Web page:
New Leads. We have seen many instances where a direct marketing program for something as simple as a rider generates calls and inquiries to the agent, resulting in new core product sales opportunities.
Key Issues for Consideration
Product Selection. It is important to assemble the right menu of benefits for the direct marketing program. The general rule with direct marketing is “the simpler the offer, the better the result.”
Benefits that can be offered on a guaranteed or simplified issue basis are ideal. Term, accidental death, spousal coverage, guaranteed insurability, annuity rollovers and critical illness all offer high probabilities of success. Offering some benefits post-issue may raise underwriting concerns, but one often can address these by carefully controlling the timing and amount of the offer.
Also, while most benefits can be offered as a “stand alone” product rather than as a rider, our experience suggests that a rider configuration will yield two to three times the result.
Technology Requirements. To conduct direct policyholder marketing efficiently, a true marketing database must be deployed. It is hard to handle this type of “continuous stream” marketing with legacy administrative systems.
Additionally, because business rules and eligibility requirements often dictate policyholder marketing, a flexible rules engine should be deployed to allow the ability to test eligibility for a large number of policyholders easily and efficiently.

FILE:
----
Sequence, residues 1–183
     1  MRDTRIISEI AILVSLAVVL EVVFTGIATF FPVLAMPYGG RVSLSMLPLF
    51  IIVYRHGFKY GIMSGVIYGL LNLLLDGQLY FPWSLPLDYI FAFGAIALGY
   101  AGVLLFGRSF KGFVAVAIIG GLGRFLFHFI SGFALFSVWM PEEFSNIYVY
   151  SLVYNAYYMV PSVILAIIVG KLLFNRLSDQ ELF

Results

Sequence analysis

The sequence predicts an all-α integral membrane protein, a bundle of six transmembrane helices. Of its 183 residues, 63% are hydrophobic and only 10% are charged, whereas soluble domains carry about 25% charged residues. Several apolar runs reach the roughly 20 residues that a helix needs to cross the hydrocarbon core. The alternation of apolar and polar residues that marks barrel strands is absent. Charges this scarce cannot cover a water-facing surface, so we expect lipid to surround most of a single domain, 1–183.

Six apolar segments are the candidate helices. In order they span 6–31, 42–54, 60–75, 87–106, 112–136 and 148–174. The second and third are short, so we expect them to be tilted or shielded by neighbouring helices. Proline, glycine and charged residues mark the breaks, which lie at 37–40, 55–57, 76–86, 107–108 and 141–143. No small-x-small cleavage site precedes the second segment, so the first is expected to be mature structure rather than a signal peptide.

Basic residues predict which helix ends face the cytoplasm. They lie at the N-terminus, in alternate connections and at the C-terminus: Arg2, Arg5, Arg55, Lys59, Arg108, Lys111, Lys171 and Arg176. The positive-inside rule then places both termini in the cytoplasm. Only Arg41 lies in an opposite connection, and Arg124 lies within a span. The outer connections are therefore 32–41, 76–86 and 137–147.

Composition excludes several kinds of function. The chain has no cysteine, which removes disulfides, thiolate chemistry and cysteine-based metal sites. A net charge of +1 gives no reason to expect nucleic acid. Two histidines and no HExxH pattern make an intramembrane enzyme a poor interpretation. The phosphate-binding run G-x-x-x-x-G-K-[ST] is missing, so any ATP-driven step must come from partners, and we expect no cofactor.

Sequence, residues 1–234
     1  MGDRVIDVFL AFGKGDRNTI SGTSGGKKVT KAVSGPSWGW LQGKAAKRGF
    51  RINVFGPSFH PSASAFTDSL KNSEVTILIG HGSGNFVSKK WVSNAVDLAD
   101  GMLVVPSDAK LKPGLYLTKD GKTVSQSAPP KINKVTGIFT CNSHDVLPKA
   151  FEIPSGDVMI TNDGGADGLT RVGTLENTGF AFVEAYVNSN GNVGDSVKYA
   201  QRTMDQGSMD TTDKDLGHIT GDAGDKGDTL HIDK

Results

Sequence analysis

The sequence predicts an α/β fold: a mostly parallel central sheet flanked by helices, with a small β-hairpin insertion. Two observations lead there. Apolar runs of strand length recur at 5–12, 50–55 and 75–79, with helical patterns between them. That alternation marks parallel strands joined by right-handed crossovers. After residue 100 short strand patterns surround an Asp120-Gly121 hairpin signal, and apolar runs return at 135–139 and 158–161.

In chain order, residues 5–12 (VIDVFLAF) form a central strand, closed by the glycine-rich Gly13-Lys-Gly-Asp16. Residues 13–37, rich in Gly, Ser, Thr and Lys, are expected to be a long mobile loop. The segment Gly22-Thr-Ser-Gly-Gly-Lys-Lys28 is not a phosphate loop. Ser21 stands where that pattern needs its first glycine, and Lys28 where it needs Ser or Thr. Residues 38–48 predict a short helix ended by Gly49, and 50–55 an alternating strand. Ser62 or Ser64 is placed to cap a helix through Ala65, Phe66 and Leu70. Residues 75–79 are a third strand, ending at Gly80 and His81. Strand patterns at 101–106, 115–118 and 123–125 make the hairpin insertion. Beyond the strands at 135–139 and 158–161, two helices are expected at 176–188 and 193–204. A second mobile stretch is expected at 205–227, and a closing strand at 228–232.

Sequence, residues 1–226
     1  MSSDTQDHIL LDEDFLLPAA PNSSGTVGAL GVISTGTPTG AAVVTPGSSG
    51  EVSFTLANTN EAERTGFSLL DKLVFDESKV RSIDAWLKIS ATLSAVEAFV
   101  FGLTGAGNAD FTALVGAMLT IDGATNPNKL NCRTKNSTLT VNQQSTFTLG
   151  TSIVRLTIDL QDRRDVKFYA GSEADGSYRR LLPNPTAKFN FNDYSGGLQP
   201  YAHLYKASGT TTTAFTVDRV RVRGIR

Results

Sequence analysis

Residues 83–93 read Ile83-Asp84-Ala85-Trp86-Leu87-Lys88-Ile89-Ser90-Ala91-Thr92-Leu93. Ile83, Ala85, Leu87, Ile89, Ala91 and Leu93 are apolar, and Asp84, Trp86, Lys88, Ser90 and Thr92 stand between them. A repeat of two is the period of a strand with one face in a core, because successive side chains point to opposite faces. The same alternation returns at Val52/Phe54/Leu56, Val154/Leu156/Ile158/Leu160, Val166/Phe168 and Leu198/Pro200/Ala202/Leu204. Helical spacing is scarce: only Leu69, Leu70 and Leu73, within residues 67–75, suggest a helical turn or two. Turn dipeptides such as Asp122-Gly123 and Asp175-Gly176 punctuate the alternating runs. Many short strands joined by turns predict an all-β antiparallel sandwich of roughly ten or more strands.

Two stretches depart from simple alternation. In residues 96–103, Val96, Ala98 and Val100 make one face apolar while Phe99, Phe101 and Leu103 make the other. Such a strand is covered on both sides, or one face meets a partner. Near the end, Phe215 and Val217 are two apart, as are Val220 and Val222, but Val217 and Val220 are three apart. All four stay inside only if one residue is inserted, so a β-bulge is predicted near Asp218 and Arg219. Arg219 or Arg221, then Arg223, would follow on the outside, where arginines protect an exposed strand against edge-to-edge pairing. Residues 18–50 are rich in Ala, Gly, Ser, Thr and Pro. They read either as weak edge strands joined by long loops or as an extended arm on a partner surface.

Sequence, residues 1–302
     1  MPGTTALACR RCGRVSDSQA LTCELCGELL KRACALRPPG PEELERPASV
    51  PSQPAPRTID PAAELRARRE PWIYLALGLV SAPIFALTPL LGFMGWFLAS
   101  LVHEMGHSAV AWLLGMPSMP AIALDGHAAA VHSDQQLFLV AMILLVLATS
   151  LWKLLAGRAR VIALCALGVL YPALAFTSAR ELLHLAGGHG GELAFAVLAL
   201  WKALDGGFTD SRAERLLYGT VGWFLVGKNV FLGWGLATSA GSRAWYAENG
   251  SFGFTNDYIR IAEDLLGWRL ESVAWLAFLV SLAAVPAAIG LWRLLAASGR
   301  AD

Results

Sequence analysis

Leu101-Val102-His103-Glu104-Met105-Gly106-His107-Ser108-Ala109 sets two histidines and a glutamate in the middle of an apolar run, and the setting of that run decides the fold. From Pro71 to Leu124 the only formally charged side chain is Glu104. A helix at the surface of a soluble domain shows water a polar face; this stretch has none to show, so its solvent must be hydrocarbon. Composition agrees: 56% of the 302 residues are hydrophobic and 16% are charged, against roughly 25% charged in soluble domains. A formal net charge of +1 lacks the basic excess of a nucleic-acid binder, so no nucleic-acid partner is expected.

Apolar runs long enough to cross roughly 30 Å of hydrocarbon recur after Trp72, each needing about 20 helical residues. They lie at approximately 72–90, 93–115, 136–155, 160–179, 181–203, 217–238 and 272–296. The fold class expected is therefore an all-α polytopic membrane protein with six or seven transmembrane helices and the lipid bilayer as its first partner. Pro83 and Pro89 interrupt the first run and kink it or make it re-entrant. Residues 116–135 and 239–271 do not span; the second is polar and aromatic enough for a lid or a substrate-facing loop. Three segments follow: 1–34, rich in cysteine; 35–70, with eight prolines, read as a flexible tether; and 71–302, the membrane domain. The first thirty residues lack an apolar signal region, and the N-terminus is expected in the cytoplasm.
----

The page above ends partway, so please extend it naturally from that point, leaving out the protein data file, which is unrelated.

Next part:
Distribution Channel Options
Direct mail, telemarketing (inbound and outbound), advanced premium statement marketing and the Internet all are viable direct marketing options. Each offers its advantages and disadvantages:
Direct Mail. This method is unobtrusive and, generally, will provide acceptable levels of profitability. However, direct mail is capital-intensive and the capital is required before the first policy is written.
Outbound Telemarketing. This method can generate very high response rates and profitability. If managed properly, telemarketing can be done with few customer complaints. It also allows you to make adjustments throughout a campaign based on experience.
Advanced Statement Marketing. With todays technology and sophisticated laser printing capabilities, marketing within the premium billing statement is more advanced than the simple inserts used in the past. In fact, this distribution channel is perhaps the most powerful because it combines personalization with low-cost economics. However, it does require modification to existing remittance handling processes.
These channels are not mutually exclusive. We have found that the most successful programs blend a combination of channels.
While direct marketing to existing policyholders does not address all of the challenges posed by traditional distribution systems, it can be a viable part of the solution.
Michael Levison is CEO of ReMark Americas, a unit of Amsterdam, Netherlands-based ReMark Group with offices in Atlanta, San Francisco and Minneapolis. You may e-mail him at email@example.com.
Reproduced from National Underwriter Edition, April 8, 2005. Copyright 2005 by The National Underwriter Company in the serial publication. All rights reserved.Copyright in this article as an independent work may be held by the author.